MI6 reviews 'Carte Blanche', the fast-paced James Bond thriller from Jeffery Deaver, out this week in the USA...

Carte Blanche Review

14th June 2011

MI6 Guest Writer - Ben Williams
There are many inherent difficulties in writing a successful James Bond novel. After all, James Bond is already so well known, so well loved, so ingrained in the psyche, that he is a difficult character to truly make your own. And whilst the far-fetched plots and megalomaniac antagonists of the Bond world seem equally familiar to us, simply throwing them into your story, along with the traditional motifs and paraphernalia, could have your novel ending up reading like a litany of exotic locations, beautiful women, hi-tech gadgets, fast cars and casual violence. It is balancing this blend of the traditional elements and original material that can be the deciding factor in making a successful Bond adventure.

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However, when it came to writing "Carte Blanche", the difficulty of getting the balance right didn't seem to deter Jeffery Deaver in the slightest. Jeffery Deaver, perhaps best known as a crime writer and for his successful Lincoln Rhyme series of novels, might not have been the first candidate to spring to mind when it came to taking up the mantle of the next James Bond author. However, what is less known is that Deaver is actually a passionate fan of Fleming, and, after being awarded the Ian Fleming Steel Dagger Award by the Crime Writers' Association for his novel "The Garden of Beasts" in 2004, he spoke of his life-long admiration of the writer in his acceptance speech. His love of Fleming's writing, his genuine passion for the character of James Bond, coupled with his ability to craft fast-paced, exciting and thoroughly researched thrillers, has made Jeffery Deaver an ideal choice to continue the legacy.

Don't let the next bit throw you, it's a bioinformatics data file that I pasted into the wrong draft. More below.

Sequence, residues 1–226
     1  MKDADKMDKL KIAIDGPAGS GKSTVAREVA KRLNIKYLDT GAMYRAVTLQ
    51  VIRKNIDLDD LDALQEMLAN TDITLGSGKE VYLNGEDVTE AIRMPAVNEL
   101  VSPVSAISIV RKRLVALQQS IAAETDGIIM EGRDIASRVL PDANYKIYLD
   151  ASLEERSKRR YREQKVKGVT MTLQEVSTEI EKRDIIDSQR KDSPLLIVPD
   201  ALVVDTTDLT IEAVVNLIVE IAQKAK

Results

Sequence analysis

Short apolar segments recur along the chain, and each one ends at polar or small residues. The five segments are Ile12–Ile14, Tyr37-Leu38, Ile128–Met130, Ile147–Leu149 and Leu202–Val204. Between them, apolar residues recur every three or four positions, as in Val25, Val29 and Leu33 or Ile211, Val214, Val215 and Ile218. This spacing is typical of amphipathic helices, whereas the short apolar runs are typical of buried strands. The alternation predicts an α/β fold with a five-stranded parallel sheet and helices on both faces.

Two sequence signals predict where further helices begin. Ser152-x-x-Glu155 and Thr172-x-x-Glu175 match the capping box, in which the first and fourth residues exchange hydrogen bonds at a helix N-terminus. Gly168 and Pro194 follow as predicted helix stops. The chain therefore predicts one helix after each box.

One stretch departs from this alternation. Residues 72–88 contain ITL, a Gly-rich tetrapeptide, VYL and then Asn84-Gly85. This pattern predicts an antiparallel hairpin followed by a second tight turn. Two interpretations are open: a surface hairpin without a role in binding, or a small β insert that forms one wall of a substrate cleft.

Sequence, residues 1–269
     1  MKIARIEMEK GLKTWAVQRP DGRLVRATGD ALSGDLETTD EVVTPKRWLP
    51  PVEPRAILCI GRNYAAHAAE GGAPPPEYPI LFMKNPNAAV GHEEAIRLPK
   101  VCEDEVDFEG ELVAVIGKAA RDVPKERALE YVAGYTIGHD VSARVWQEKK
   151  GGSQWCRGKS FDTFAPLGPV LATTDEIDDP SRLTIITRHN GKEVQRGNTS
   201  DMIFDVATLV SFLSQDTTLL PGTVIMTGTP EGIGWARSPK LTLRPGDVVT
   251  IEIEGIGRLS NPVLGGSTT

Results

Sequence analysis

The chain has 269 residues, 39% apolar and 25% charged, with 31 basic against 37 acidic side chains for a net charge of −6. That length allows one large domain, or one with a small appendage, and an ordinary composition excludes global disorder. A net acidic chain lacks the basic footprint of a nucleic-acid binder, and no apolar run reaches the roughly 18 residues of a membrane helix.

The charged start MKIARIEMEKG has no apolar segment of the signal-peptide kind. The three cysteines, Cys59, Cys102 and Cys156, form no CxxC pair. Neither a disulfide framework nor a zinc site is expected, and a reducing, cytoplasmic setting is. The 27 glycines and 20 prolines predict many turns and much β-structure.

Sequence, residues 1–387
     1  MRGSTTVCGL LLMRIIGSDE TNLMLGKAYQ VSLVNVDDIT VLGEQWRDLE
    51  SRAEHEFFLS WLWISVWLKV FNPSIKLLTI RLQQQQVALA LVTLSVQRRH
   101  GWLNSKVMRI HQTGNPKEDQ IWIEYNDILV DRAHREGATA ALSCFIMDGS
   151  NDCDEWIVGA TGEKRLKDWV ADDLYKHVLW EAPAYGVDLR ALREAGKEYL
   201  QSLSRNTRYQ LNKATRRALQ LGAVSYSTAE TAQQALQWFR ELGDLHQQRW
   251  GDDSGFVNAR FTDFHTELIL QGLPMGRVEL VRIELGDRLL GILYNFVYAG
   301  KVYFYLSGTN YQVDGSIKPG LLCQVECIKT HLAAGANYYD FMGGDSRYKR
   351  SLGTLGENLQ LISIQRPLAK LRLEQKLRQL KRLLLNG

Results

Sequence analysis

In "Carte Blanche", Deaver has bravely opted to entirely reboot the character of Bond. Whilst many might have feared that this would somehow undermine fundamental elements of the character, Deaver's Bond remains remarkably close to Fleming's creation. By essentially transplanting Fleming's backstory for Bond and placing it into a modern setting, Deaver's Bond is still very much the character that Fleming envisioned, shaped by almost entirely the same events and circumstances. However, there are key differences between Deaver's and Fleming's Bond. For instance, the Bond of "Carte Blanche" is not a product of the Second World War and the Cold War, but of Afghanistan and the War on Terror, and neither has he experienced the events of the novels that have gone before. So, for instance, Deaver's Bond does not mourn the death of Tracy Di Vicenzo. However, despite these differences, Deaver's Bond in "Carte Blanche" is a product of his time, just as Fleming's Bond was. So, where Fleming's Bond smoked, Deaver's Bond is an ex-smoker, for tactical reasons as much as health concerns. This does jar occasionally when very familiar aspects of Fleming's character change in "Carte Blanche", such as Bond recalling his early adolescence in the 90s, or inheriting a certain car from his father that would not be built until Fleming's Bond was skiing down the slopes of Piz Gloria, but, on the whole, this does not interfere with the narrative of the novel.